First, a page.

When there were rumours that the San Fernando Police station was the next to be fire-bombed, then it became real because that was where my own mother was to spend the next few days on non-stop active duty while the country tried to come to grips with this reality. When you saw that dude from CNN Headline News reading about your country, it was apparent that this was more than any 11 year old was ready for. I was supposed to be thinking about new school books and my new uniform, having just gotten my Common Entrance results, passing for my first choice. Not sitting at home waiting for news. Sitting at home under curfew. Sitting at home hoping your mother would be safe - happy to see her come home for a shower, a quick nap and boxes of fast food from Chicken Unlimited, who provided the South teams of police and army with meals for the duration of the insurrection. I did not want to see another French fry after that! (that did not last long though - long live the French fry!)

It was all rather surreal then, and thinking back on it now, 19 years later, it still seems a bit surreal. I remember crying when I heard how they had beaten ANR Robinson, and then reading that he demanded the army to attack with full force, foregoing his own safety. I remember seeing Abu Bakr's surrender and feeling this mixture of relief, dread and anger, that this man had put us all through the worst days of our personal and national histories.

At that point, July 27 1990 was not something I expected ever in my innocent life. Now in 2009, as I sit and look at what Trinidad and Tobago has become and how it has been hijacked yet again by politicians who are no better than the militants with guns holding a country to ransom, it begs us to think hard about the saying, "Those who forget about the past are doomed to repeat it.".

I fear this is so true for our present reality.

Out on Vacation

If there are any earth shattering developments in social media or PR or marketing or anything fun, leave me a comment. Take care. I'll be back with you in about a month's time.

This Time for Africa

One month, 64 games and 145 goals later, the world's biggest event is over. Dry those eyes and pack away those vuvuzelas because you have to wait another 4 years until the next one. But what a World Cup it has been. I think this tournament will be one that will be remembered for years, for a variety of reasons - footballing and non-footballing reasons.

But I think as the sun goes down on this World Cup, South Africa can be duly proud of what they have achieved as host and as a country. The hosting of this tournament for not just South Africa, but the entire continent of Africa has been a marketing and rebranding coup. Two years ago, FIFA President Sepp Blatter said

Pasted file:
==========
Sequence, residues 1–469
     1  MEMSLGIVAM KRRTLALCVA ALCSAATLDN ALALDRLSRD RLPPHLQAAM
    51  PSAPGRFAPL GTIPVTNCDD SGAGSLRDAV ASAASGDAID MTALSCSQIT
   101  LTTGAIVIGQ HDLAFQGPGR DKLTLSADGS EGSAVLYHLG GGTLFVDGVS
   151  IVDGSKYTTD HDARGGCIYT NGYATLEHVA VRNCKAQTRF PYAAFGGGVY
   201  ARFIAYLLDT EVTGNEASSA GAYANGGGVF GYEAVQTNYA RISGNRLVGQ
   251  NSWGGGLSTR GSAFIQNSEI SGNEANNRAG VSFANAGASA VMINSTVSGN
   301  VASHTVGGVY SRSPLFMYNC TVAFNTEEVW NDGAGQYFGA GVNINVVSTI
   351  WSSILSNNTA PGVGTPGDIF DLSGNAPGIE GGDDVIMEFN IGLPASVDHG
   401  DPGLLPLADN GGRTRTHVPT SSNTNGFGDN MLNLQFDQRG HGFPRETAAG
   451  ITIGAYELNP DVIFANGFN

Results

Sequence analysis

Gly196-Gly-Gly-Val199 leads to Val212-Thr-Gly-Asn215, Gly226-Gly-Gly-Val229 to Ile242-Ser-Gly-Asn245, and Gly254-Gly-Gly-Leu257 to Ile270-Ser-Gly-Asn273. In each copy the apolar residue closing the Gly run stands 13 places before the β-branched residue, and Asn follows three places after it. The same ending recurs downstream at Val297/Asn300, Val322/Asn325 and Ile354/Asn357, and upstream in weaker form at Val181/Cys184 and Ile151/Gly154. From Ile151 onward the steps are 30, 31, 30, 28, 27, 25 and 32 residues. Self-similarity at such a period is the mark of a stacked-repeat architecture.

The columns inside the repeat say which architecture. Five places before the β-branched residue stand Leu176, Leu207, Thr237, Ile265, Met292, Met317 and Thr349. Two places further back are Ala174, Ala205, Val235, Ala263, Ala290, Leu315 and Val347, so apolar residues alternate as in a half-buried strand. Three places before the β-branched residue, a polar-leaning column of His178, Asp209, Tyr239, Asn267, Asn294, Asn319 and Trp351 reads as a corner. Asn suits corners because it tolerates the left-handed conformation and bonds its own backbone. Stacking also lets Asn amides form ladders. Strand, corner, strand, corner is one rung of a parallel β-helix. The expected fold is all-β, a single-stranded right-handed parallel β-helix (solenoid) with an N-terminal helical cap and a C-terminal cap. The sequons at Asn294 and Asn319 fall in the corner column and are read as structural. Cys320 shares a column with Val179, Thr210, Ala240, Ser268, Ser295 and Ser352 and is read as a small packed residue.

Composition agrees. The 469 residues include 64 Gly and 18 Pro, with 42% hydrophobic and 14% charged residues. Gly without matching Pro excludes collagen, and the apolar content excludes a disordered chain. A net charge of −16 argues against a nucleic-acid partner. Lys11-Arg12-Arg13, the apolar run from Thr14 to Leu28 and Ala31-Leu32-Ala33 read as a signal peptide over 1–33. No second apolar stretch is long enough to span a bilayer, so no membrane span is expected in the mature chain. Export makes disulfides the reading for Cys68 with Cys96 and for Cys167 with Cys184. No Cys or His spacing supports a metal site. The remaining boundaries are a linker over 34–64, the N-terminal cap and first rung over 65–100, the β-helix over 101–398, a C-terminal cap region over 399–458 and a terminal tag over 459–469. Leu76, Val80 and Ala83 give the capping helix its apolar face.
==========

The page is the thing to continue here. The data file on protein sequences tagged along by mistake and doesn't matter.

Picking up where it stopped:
“People don’t want to trust Africa. That is wrong. Africa has given so much not only to football but to the whole world. Someday, something should come back. So let’s have this World Cup. Let’s celebrate Africa. Why not?”

And celebrate we all did. Even though popularised by a Colombian singer, the strains of "Waka Waka" and its tag line "This Time for Africa", continue to filter through the airwaves, leaving it as probably one of the most popular tournament anthems ever.The world has looked to South Africa over the past month for great football, but got more than they bargained for in the artistry, passion, energy and dare I say, unity of its people.
This game allowed Africa to showcase its beauty and the remnants of Apartheid regime, to the outside world, which seems to have no idea how bad things were and that there is a better side of Africa(beside tribal wars and starvation) which international media—for its own convenience ---tends not to focus on. - Ghanaweb

Whether the powers that be will leap on the momentum which this World Cup has generated and leverage all the positives into effecting socio-economic change is another story, but well done South Africa.

And without a doubt, this tournament's immense public appeal and attraction was heavily invested in the fact that we had greater means to communicate, participate and enjoy the tournament's various facets. World Cup 2010 was supposed to be the social media World Cup and boy was it ever. Information, debates, opinions, replays - all available at the click of a button, whether it be on Twitter, Facebook, Youtube, the obsessed and the curious all found a way to be part of this global phenomenon via this global phenomenon. Sponsors and pundits alike milked it for all it was worth, tapping into the enormous audience primed to receive messages.